By K. Miller
This book interrogates the patriotic, utopian perfect of the People’s battle via examining conflicted representations of sophistication and gender in literature and movie. Its subtitle--Fighting the People’s War--describes how British voters either united to struggle Nazi Germany and puzzled the nationalist ideology binding them jointly.
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Extra resources for British Literature of the Blitz: Fighting the People's War
Far more experienced than Maria in “Sunday Afternoon,” Magdela lives with an odd assortment of relatives and acquaintances – including her husband’s mistress – in a London house no longer her own. Together, these civilians endure the destruction of the square, on which “three of the houses had been bombed away,” although “the shell of the place” in which they live remains (609). The home’s “loose plumbing” and “fittings shocked from their place” by the bombing constitute a “functional anarchy” that extends to the social dislocations of privileged women like Magdela during the Blitz.
Although she hopes from this distance to find meaning in the nightmare of the Blitz, she also recognizes that the illusion is built upon both the chaotic experience of war and the shaky foundations of strained class relations, the “anxious history” that has always underwritten the power of the Anglo-Irish ascendancy. Bowen’s 1969 review of Angus Calder’s The People’s War demonstrates her particular facility for navigating conflicting ideas about war and social class. ” (181–2). She notes that Calder was only three years old when the Second World War ended and that he was the “child of a distinguished intellectual family with a political bent” and thus “grew up in what would have been an ambiance of discussion, re-evaluation and diagnosis” (182).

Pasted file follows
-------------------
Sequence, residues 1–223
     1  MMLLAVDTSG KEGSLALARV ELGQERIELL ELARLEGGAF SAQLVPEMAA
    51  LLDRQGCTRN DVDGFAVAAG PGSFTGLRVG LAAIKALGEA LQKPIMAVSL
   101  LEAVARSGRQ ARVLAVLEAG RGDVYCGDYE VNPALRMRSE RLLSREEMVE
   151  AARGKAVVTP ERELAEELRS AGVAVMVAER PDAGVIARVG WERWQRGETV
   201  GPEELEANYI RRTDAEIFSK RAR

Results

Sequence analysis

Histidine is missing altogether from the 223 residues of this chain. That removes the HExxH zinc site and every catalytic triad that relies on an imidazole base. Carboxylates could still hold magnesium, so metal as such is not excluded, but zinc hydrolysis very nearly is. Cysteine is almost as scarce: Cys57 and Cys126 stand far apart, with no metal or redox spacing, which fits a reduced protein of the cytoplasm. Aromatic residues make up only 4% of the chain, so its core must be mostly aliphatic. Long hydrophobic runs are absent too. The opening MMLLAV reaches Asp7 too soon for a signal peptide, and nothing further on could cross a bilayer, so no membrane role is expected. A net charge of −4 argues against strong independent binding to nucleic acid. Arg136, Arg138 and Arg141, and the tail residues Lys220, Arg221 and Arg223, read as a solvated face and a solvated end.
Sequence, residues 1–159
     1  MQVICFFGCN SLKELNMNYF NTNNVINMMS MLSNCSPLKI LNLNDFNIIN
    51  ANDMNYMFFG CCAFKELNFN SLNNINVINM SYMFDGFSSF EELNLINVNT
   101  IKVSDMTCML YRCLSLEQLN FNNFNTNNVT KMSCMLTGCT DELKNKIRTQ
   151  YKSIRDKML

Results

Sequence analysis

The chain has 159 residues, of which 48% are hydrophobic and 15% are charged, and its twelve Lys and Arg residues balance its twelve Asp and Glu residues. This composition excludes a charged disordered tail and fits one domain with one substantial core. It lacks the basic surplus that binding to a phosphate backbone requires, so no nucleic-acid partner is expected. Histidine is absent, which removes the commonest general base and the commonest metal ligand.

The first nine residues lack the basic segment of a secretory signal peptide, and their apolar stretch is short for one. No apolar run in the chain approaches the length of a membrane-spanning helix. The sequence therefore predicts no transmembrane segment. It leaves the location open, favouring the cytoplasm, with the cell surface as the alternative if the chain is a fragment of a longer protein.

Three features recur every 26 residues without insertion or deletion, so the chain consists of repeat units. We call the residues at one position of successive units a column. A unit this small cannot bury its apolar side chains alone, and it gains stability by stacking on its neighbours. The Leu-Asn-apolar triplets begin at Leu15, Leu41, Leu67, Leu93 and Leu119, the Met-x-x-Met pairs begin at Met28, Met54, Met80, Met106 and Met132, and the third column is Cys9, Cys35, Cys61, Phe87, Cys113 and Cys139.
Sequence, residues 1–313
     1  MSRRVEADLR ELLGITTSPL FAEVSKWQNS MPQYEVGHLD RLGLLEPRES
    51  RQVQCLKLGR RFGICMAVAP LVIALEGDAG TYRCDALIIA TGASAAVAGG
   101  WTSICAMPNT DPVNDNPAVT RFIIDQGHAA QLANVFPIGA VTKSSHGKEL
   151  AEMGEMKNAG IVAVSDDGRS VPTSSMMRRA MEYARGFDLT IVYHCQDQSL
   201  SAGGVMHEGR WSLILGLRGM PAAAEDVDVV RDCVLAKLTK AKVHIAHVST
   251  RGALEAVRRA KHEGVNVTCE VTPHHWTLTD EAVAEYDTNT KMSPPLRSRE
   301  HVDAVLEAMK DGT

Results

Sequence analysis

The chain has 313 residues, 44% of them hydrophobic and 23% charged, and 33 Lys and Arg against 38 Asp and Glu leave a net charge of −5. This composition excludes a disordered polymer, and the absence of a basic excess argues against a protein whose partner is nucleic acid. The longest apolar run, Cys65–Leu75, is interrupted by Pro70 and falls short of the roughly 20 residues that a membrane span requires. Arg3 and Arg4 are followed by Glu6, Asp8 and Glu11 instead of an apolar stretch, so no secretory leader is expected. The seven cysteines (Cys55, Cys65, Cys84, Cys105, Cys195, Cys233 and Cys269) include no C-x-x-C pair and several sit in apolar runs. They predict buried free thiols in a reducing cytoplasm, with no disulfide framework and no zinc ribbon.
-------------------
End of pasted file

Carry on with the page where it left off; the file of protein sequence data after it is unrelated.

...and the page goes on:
Chapter 4 challenges the dominant critical view that bestsellers and genre fiction reproduce mainstream political rhetoric uncritically in order to ensure commercial success. Instead, the chapter suggests that Agatha Christie, Margery Allingham, and Graham Greene all manipulated the conventions of detective and spy fiction in order to attract a diverse reading public desperate not for escape from the Blitz but for understanding of it. Popular detective and spy fiction of the period therefore captures the imaginations of the widest possible audience by engaging with the same wartime problems of gender identity and social difference represented by Introduction: Fighting the People’s War 25 the literary fiction examined in Chapters 1, 2, and 3.